Gronert, S., Fagin, A. E. & Wong, L. Direct measurements of deuterium kinetic isotope effects in anionic, gas-phase substitution and elimination reactions. J. Am. Chem. Soc. 129, 5330–5331 (2007).
Villano, S. M., Eyet, N., Lineberger, W. C. & Bierbaum, V. M. Reactions of α-nucleophiles with alkyl chlorides: competition between SN2 and E2 mechanisms and the gas-phase α-effect. J. Am. Chem. Soc. 131, 8227–8233 (2009).
Bento, P., Sola, M. & Bickelhaupt, F. M. E2 and SN2 reactions of X− + CH3CH2X (X = F, Cl); an ab initio and dft benchmark study. J. Chem. Theory. Comput. 4, 929–940 (2008).
Wu, X.-P. et al. Exploring the reactivity trends in the E2 and SN2 reactions of X− + CH3CH2Cl (X = F, Cl, Br, HO, HS, HSe, NH2, PH2, AsH2, CH3, SiH3, and GeH3). J. Chem. Theory. Comput. 5, 1597–1606 (2009).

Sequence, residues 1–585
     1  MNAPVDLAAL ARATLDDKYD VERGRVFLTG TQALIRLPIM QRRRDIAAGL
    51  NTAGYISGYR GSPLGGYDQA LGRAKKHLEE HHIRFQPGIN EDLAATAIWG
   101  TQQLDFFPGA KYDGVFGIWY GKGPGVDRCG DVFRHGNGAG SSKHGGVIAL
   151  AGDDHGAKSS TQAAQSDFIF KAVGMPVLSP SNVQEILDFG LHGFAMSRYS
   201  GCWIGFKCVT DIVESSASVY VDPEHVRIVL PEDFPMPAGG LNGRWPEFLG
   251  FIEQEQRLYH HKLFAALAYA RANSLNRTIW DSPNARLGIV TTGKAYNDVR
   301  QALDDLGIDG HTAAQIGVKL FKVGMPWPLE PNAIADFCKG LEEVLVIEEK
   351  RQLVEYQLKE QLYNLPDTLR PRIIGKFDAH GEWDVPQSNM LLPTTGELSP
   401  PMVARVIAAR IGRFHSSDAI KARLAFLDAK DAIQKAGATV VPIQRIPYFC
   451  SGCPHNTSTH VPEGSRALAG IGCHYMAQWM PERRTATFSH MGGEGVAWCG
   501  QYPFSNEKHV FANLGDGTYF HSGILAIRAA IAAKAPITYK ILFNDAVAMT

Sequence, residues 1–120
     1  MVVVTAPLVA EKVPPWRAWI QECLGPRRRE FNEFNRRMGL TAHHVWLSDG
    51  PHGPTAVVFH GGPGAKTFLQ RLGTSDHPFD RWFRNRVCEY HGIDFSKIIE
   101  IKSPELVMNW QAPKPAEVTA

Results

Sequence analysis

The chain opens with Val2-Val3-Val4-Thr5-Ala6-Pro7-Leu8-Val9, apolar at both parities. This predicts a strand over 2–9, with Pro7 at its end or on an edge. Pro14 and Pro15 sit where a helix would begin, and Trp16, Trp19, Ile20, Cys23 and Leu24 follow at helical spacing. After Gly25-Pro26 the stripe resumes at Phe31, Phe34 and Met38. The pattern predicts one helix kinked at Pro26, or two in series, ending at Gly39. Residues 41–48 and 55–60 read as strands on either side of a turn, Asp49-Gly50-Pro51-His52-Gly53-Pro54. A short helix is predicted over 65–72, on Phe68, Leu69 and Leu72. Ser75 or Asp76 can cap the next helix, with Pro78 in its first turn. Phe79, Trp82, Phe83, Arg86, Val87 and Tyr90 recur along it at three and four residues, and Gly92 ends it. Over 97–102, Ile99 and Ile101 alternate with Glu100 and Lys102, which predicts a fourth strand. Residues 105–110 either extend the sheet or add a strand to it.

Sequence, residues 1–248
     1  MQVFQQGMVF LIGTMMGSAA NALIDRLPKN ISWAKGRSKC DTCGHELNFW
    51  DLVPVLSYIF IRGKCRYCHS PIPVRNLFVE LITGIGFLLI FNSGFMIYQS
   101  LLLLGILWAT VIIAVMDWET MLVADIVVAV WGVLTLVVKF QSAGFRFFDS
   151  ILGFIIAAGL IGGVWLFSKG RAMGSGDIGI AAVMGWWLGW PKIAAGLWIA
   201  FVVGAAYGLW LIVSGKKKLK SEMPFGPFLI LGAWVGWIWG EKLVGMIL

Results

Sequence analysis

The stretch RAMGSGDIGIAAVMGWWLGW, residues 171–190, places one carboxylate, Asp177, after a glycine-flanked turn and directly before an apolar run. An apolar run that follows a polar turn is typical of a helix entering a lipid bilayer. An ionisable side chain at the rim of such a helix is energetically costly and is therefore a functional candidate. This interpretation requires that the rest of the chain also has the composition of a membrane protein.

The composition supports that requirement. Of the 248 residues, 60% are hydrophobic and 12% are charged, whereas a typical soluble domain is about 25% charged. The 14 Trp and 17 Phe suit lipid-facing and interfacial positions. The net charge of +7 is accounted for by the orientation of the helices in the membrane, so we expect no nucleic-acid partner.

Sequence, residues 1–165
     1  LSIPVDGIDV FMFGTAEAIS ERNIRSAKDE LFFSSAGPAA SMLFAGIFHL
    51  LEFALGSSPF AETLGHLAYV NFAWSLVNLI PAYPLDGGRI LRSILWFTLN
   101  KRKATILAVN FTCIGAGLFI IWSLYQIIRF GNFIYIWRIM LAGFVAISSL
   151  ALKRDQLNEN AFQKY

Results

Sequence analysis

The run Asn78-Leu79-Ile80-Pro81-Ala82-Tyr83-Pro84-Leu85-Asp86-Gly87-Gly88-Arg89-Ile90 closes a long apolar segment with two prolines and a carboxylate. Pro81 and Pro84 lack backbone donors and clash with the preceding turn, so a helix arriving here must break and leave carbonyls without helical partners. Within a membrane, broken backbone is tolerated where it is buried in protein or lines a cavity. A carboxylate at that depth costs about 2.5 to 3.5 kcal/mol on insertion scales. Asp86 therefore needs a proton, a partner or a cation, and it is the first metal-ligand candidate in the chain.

Conner, K. M. & Gronert, S. Impact of alkyl substituents on the gas-phase competition between substitution and elimination. J. Org. Chem. 78, 8606 (2013).
Rablen, P. R., McLarney, B. D., Karlow, B. J. & Schneider, J. E. How alkyl halide structure affects E2 and SN2 reaction barriers: E2 reactions are as sensitive as SN2 reactions. J. Org. Chem. 79, 867–879 (2014).
Wester, R. Velocity map imaging of ion-molecule reactions. Phys. Chem. Chem. Phys. 16, 396–405 (2014).
Bierbaum, V. M. Go with the flow: fifty years of innovation and ion chemistry using the flowing afterglow. Int. J. Mass. Spectrom. 377, 456–466 (2015).
Garver, J. M., Eyet, N., Villano, S. M., Zhibo, Y. & Bierbaum, V. M. Mechanistic investigation of SN2 dominated gas phase alkyl iodide reactions. Int. J. Mass. Spectrom. 301, 151 (2011).
Wladkowski, B. D. & Brauman, J. I. Substitution versus elimination in gas-phase ionic reactions. J. Am. Chem. Soc. 114, 10643–10644 (1992).